• Nicholas

The Wisdom of Martha Costello QC


Martha Costello QC from Silk is a member of a profession that is defined by the adversarial system. Her primary allegiance is to the law as it directs her to the principles of partisanship. Although you may not always agree with the way she runs her cases, Martha prompts us to consider our own legal ethics and the way we would approach similar matters…

She willingly embraces the founding principles of our legal systems; passionately believing that every person is innocent until proven guilty and that justice must not only be done but also be seen to be done. She demonstrates to us the ethical importance of these principles.

She somewhat submits to the ‘cab rank’ theory in accepting any brief which her clerk thinks appropriate, and conducts herself on the basis that she is not held professionally or morally accountable for the moral standings of her clients and the instructions they give to her.

Martha maintains a neutrality not only in her acceptance of clients but also in the conduct of their defence, despite any conflict which may exist between the client’s morals, what is expected of her as Counsel and her own morals.

But that is not to say that she has never felt uncomfortable – she has been inclined to protest to her clerk regarding the allocation of a case; in particular a sexual assault case in circumstances where she feels the system unfairly treats the complainants. During the same trial, she zealously defends her client’s position by attacking the complainant in court, which was a tactic she was personally against.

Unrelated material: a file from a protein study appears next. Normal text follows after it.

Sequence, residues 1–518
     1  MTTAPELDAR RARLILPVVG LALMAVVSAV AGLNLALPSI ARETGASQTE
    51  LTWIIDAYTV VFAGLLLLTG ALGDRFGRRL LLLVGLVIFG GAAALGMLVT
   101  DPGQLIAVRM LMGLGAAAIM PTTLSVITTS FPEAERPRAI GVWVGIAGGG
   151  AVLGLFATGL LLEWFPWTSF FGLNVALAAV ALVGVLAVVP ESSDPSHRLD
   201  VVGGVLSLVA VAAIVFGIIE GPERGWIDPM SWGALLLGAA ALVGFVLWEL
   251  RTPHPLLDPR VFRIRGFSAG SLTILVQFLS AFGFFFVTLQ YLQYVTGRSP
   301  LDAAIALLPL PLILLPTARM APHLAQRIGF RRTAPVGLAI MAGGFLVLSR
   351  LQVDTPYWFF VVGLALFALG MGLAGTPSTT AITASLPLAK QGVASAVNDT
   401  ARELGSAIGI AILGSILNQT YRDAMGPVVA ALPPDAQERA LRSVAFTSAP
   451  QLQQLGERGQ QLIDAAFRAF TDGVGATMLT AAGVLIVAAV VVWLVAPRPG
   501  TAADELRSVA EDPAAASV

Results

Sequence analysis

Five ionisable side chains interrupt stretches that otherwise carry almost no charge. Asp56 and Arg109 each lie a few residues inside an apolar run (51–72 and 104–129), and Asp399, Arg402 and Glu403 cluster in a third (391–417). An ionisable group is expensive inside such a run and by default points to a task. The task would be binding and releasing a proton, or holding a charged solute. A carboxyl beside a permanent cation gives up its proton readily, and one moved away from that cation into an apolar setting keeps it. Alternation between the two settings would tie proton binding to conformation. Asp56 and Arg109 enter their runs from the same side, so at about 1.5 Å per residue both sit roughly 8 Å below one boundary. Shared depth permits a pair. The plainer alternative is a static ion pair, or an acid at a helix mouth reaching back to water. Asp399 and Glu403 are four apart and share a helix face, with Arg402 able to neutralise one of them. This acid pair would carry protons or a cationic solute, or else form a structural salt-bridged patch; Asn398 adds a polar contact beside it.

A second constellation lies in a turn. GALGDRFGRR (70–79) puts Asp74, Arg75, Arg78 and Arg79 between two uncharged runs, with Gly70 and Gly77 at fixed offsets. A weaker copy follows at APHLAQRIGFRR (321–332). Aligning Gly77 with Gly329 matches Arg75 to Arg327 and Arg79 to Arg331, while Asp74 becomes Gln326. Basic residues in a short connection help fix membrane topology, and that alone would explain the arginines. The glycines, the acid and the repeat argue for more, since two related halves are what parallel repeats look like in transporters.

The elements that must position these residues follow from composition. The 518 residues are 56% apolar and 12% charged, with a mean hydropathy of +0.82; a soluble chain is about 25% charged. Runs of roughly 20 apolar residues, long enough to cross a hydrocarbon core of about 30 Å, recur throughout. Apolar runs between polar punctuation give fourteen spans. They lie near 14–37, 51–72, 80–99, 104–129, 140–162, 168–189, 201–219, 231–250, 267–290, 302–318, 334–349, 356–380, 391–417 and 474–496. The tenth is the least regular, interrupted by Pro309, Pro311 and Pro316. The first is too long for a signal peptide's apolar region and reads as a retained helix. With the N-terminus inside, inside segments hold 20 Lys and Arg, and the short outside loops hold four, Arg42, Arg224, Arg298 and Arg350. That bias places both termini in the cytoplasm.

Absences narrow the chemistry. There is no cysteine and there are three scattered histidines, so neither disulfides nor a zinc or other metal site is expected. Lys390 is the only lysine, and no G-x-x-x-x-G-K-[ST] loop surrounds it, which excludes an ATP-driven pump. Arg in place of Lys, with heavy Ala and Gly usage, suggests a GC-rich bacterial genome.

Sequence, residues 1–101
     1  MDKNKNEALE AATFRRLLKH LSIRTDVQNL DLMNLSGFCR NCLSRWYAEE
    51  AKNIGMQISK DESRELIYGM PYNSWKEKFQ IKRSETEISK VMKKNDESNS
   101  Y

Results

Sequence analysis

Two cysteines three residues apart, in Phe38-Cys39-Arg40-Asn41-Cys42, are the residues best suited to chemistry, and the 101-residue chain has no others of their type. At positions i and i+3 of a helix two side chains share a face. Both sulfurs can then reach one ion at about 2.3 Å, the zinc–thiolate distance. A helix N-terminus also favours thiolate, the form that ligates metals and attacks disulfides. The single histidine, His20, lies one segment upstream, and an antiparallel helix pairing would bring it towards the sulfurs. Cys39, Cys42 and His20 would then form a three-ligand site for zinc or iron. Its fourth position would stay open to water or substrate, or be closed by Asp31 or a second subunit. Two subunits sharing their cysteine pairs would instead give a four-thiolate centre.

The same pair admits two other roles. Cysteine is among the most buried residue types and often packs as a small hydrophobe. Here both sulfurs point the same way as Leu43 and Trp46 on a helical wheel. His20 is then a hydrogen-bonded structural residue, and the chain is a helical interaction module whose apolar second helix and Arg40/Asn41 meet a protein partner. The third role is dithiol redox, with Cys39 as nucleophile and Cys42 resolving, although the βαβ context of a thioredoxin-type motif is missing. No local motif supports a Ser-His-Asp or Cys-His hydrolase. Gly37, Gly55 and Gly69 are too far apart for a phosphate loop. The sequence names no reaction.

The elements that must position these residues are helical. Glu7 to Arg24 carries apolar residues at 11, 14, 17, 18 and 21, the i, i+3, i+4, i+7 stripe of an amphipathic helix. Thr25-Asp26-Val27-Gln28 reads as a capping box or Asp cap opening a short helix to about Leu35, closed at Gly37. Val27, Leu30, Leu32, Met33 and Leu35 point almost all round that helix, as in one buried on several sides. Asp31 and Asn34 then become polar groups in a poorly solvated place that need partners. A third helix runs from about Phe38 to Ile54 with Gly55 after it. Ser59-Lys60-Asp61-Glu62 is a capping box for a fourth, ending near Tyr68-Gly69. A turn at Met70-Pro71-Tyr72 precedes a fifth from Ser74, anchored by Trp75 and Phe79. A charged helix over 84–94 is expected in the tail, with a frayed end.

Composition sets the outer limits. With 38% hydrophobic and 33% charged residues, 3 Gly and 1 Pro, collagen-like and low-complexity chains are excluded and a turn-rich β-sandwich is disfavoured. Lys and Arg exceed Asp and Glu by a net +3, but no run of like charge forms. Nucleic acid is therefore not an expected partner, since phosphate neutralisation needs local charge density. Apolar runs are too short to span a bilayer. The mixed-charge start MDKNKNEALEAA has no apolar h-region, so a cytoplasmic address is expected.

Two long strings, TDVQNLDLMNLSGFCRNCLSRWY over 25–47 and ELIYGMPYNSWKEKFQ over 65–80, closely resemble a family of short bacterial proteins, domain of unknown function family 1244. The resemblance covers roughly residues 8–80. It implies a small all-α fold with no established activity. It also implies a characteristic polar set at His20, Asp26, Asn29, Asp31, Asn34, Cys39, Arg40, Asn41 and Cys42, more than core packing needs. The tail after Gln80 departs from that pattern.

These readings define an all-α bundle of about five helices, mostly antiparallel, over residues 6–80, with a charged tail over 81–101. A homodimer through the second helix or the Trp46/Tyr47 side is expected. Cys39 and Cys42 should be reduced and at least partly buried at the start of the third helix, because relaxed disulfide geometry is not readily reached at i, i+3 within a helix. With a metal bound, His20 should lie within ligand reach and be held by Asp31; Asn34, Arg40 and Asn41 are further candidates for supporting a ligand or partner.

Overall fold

Martha’s commitment to the aggressive and single-minded pursuit of the client’s objectives is not something all law students would agree with, but the example illustrates the difficulties many advocates can face in reconciling their professional obligations with their personal ethics. It also demonstrates how important maintaining the faith of clients is for the survival of the adversarial system.

Yet Martha has waivered in her sole allegiance to her client. For example, in a matter where she was acting for the Crown and her opponent was not fighting for his client’s objectives to the standard that she would have, in a rare moment of moral activism, she essentially threw the case.

Even if you don’t agree with her ethics, Martha’s ability to put her personal feelings aside when required and to use them when she knows it will benefit her client best is something to be appreciated and respected – and maybe even to learn from.

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